US president Joe Biden embarked on his first diplomatic trip to Asia since taking office in a bid to address security issues in the wake of Chinese aggression in the Indo-Pacific and Pyongyang’s spate of ballistic missile tests.
I’m on my way to the Republic of Korea and Japan for my first trip to Asia as president. I look forward to strengthening vital security alliances, deepening our economic partnerships, and working with fellow democracies to help shape the rules of the road for the 21st century.
— President Biden (@POTUS) May 20, 2022
Biden is expected to meet his South Korean counterpart Yoon Seok-Youl and then embark for Japan on Sunday where he will meet counterpart Fumio Kishida and later next week meet the heads of states of the Quad grouping.
Prime minister Narendra Modi will join the meeting. The attendance of either Anthony Albanese or Scott Morrison are expected from Australia but it remains unclear how this Quad member will represent itself as the nation will vote to elect its new prime minister.
The meeting will be important as it provides the Biden administration to show its Asian allies that despite the war in Ukraine it is keen to exhibit US leadership in the region.
Biden earlier promised that the democracies of the eastern and western hemisphere can come together with the US to counter autocratic regimes in both spheres. The meeting also comes shortly after Biden hosted ASEAN leaders at the White House in May.
National Security Advisor Jake Sullivan expressed his confidence that the summits will be a success. Buoyed by $40 billion Ukraine weapons and aid package passed Thursday by Congress, which he believed showed the US’ commitment to Ukrainian resistance, Sullivan said that the transatlantic alliance against Russia serves as a cautionary tale for China who are tempted to make a play for Taiwan.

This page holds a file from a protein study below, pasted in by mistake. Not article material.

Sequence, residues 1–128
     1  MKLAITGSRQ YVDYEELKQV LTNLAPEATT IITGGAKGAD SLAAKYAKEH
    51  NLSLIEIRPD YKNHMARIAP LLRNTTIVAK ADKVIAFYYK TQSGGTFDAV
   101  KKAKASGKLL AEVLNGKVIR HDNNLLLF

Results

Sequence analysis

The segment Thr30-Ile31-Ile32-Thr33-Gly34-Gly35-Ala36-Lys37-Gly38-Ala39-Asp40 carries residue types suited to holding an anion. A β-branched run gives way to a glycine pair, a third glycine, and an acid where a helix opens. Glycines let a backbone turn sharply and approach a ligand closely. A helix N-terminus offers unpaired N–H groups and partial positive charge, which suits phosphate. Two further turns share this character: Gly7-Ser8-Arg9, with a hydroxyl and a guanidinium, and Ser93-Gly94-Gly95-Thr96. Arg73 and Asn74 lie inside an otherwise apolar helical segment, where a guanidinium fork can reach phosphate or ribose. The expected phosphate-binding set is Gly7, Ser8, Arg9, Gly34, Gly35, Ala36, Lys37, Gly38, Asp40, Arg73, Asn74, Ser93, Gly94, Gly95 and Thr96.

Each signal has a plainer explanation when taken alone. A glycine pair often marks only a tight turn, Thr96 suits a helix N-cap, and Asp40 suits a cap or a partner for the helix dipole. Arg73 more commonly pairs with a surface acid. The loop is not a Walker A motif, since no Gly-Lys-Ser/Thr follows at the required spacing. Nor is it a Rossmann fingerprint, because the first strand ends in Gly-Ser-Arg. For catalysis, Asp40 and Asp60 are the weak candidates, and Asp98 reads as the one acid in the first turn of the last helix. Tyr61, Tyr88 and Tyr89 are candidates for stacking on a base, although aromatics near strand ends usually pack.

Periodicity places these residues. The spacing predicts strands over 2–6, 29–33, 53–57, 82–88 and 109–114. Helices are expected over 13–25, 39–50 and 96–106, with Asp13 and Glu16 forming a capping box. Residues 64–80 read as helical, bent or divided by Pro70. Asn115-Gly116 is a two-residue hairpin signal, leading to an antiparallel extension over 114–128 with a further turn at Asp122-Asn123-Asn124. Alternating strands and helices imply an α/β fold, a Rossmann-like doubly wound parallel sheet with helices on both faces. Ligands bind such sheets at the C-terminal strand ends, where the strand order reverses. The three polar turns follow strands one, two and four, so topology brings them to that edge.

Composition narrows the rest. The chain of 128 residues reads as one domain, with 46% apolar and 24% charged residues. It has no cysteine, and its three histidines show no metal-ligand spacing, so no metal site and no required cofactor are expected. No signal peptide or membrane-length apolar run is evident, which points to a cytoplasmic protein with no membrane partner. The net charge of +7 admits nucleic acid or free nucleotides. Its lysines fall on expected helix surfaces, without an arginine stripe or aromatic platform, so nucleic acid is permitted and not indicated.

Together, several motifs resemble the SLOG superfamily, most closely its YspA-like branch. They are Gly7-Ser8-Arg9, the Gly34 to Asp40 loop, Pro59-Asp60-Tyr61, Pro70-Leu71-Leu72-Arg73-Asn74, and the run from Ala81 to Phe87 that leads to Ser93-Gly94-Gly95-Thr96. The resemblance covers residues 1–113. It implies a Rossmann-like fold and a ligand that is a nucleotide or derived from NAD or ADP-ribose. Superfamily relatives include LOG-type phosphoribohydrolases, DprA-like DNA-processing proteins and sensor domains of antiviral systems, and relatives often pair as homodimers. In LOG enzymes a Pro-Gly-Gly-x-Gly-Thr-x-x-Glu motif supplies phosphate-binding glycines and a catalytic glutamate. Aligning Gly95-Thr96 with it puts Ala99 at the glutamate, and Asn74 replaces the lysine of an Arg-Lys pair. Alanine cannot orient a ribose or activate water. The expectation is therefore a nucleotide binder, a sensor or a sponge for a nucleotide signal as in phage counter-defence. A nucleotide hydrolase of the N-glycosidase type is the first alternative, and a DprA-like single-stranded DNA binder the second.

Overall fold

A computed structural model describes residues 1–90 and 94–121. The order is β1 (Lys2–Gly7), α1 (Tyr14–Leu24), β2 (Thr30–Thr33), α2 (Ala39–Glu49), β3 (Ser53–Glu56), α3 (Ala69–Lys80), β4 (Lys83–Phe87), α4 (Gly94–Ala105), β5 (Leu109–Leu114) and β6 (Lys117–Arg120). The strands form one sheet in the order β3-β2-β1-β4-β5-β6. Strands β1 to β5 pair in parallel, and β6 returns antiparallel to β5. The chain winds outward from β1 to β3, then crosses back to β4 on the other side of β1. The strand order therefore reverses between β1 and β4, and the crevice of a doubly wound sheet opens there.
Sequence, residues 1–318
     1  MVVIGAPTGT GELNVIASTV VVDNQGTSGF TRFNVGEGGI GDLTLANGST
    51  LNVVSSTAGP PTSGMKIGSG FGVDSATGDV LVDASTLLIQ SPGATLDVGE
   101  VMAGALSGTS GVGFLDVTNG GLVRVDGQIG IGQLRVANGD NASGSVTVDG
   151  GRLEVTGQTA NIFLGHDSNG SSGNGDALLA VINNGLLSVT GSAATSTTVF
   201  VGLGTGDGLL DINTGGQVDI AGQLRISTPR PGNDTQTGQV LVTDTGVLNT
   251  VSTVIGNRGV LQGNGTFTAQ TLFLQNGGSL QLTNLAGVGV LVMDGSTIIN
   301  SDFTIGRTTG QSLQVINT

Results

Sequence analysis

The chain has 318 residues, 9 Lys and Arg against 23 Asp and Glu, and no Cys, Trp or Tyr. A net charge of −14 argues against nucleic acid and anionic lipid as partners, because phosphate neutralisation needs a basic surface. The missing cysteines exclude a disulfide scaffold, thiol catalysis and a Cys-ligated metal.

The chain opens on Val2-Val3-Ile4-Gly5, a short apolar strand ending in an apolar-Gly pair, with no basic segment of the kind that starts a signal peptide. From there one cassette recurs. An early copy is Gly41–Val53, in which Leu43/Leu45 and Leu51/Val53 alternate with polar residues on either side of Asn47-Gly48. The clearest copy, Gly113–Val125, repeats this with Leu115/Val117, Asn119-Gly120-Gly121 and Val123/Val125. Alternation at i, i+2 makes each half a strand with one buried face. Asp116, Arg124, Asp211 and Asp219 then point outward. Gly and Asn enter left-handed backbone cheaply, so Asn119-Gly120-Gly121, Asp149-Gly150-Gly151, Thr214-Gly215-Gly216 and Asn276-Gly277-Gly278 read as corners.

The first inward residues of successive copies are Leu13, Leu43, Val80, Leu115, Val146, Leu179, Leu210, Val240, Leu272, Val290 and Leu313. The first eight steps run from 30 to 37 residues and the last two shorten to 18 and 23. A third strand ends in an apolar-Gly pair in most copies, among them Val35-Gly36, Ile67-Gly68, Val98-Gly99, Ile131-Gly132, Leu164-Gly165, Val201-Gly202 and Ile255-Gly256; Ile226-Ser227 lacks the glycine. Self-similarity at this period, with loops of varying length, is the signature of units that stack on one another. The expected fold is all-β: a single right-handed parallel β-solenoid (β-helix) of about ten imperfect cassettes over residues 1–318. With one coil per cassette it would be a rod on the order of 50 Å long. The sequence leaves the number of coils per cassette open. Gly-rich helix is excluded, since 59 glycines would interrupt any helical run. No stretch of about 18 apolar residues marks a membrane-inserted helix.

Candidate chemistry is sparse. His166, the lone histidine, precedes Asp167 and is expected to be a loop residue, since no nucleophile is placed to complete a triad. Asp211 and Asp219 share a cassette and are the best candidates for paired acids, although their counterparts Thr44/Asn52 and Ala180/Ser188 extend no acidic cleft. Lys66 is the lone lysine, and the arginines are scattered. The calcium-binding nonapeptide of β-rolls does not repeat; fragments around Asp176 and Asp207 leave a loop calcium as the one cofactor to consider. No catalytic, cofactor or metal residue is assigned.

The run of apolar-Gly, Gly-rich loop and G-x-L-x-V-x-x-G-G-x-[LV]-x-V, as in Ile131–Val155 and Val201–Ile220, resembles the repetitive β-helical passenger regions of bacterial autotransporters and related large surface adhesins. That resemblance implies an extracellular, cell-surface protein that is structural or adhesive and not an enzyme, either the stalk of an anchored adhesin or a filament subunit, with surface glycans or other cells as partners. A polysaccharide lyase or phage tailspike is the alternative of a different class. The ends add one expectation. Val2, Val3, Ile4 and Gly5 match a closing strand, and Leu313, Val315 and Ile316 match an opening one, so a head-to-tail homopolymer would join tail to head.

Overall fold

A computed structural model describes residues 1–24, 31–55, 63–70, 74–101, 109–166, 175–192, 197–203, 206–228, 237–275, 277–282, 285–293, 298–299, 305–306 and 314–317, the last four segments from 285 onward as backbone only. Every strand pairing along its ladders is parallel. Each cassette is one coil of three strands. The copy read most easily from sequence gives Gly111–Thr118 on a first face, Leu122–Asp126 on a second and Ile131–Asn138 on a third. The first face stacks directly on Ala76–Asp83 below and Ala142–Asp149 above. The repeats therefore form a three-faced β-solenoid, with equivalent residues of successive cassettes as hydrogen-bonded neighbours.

“They’ve been struck by the way in which particularly the transatlantic alliance has come together to impose economic costs on Russia as a result of that aggression,” Sullivan was quoted as saying by news agency AFP.
The Biden administration is also impressed with South Korea and Japan governments toeing the line drawn by them with respect to sanctions against Russia. South Korean president Yoon Seok-Youl, who is pro-American, extended a warm welcome to Biden as he boarded Air Force One.
“A mountain shows its way to the summit to those who seek it. I am confident the ROK-US alliance that seeks to uphold the values of democracy and human rights shall only elevate in the future,” Yoon tweeted.
However, the US president does not expect a warm welcome from Kim Jong Un, the so-called supreme leader of North Korea, who may order a nuclear test during Biden’s trip. Sullivan said that the United States is braced for North Korea to again defy UN sanctions but if that were to happen then it would result in ‘adjustments to the way that (US) military is postured in the region.’